HUMZA Yousaf is expected to be quizzed in Holyrood tomorrow on why Scottish ministers are not planning to outlaw XL bully dogs.

The Scottish Conservatives justice spokesman Russell Findlay is hoping to tackle the First Minister on the issue after warnings Scotland could face an influx of the animals after the dogs are banned in England and Wales at the end of this year.

“The people of Scotland know that the SNP will always neglect the common good in order to pick fights with the UK government," said Mr Findlay.

READ MORE:  Scotland facing 'influx' of XL bully dogs after ban in England

“This petty posturing is tiresome, but it is downright irresponsible when it comes to their bone-headed rejection of a ban on this dangerous dog breed. I have lodged questions at Holyrood to ask SNP ministers why they are willing to gamble with public safety in this way.”

XL bully dogs, which have been responsible for several fatal attacks including one death in Scotland, will join the list of those banned in England and Wales from December 31.

But in a letter to the UK government, Siobhian Brown, the Scottish minister for victims and community safety, has confirmed a similar prohibition will not be introduced in Scotland.

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From December 31 it will be illegal to breed, sell, or rehome XL bully dogs in England and Wales and existing owners will have to keep their dog on a lead and muzzled in public. However, Scotland will retain the use dog control notices (DCNs), focusing on owners who have allowed their dogs to be out of control.

Doug Smith, a spokesman for the campaign group Bully Watch, said the Scottish Government’s position would entice owners and breeders dogs to relocate to Scotland.

“Breeders of XL bully dogs will absolutely move to Scotland, they will 100% move to be able to legally breed and export these dogs from Scotland, “ he told The Times.

The Herald: Protest in Glasgow against the proposed ban on XL Bully dogs. Pet owners against the ban marched from Glasgow Green to Buchanan Street via George Square. Photograph by Colin Mearns, The Herald, October 28, 2023.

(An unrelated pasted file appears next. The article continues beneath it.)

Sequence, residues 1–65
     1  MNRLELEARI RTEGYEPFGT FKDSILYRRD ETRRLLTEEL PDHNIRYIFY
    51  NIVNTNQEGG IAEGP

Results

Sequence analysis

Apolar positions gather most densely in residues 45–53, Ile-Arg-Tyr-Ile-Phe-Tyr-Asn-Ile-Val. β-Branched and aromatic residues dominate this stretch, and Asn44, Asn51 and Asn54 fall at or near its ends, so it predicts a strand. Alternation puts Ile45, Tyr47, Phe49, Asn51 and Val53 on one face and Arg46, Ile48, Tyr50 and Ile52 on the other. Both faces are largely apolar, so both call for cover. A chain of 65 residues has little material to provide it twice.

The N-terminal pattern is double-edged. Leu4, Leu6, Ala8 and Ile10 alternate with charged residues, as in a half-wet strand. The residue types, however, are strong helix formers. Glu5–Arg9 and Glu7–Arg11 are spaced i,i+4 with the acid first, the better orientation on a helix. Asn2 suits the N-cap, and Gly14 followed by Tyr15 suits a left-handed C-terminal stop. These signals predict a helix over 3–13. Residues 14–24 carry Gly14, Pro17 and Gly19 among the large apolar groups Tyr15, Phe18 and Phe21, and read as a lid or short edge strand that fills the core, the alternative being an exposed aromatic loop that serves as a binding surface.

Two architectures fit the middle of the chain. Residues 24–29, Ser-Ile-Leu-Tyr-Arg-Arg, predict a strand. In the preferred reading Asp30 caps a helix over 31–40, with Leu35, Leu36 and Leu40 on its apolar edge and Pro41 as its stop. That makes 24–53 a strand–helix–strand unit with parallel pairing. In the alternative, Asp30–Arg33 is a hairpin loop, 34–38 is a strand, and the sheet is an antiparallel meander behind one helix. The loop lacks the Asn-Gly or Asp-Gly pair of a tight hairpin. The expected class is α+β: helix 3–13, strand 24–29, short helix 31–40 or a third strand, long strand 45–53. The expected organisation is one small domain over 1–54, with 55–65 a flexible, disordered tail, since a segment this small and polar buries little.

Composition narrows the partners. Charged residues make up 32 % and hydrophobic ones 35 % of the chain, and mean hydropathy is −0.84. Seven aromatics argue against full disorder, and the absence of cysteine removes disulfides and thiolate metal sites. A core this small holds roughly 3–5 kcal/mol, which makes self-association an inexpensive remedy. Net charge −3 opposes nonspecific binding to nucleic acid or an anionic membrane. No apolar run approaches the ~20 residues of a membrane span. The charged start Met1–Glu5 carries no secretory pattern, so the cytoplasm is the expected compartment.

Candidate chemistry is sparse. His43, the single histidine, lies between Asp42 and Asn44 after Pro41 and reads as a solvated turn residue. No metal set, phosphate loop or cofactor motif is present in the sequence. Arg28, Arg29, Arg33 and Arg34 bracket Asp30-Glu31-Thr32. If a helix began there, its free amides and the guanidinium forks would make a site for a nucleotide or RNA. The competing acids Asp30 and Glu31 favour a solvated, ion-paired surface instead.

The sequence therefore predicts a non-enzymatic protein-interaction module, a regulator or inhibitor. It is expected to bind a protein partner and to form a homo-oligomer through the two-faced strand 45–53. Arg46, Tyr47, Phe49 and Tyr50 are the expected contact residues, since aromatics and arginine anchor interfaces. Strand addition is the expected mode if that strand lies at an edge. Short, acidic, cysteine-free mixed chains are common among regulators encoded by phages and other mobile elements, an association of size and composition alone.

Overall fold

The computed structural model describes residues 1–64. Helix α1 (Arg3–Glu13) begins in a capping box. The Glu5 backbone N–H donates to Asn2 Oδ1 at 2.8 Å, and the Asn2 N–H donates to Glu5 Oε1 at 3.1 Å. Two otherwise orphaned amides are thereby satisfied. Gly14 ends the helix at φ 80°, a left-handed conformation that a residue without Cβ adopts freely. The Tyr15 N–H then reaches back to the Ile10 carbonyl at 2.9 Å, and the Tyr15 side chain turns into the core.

“The position the Scottish Government has taken is the worst thing they could have done, either they should have said we’re definitely going to ban them or definitely said they won’t ban but sticking to this on-the-fence middle ground is just going to cause confusion for everyone.”

Mr Smith told The Herald that breeding XL bullies can be lucrative with a booming export market and single pups selling for between £3000 and £5000.

He also feared more incidents of the dogs causing harm to people would occur if a ban in Scotland did not go ahead.

In 2021, Adam Watts, the manager of kennels near Dundee, was killed while trying to restrain an XL bully in his care. There have been a number of other incidents, including one in which three children were hurt in Forfar.

A Scottish Government spokesman said: “The UK government announced the proposal to ban XL bullies without any notice to the Scottish government. Any change to the rules must be evidenced based and we are moving swiftly to carefully consider the evidence so we can make the right decision for Scotland.

“Public safety is paramount to our deliberations. Scotland already has a dog control notice regime that is unique in the UK and focussed on preventing dog attacks from happening in the first place.”

The UK Government has urged Scottish ministers to reconsider their position.

A Defra spokesperson said: “We encourage all Devolved Administrations to strongly consider the case for introducing their own measures in light of the restrictions which will be applying in England and Wales.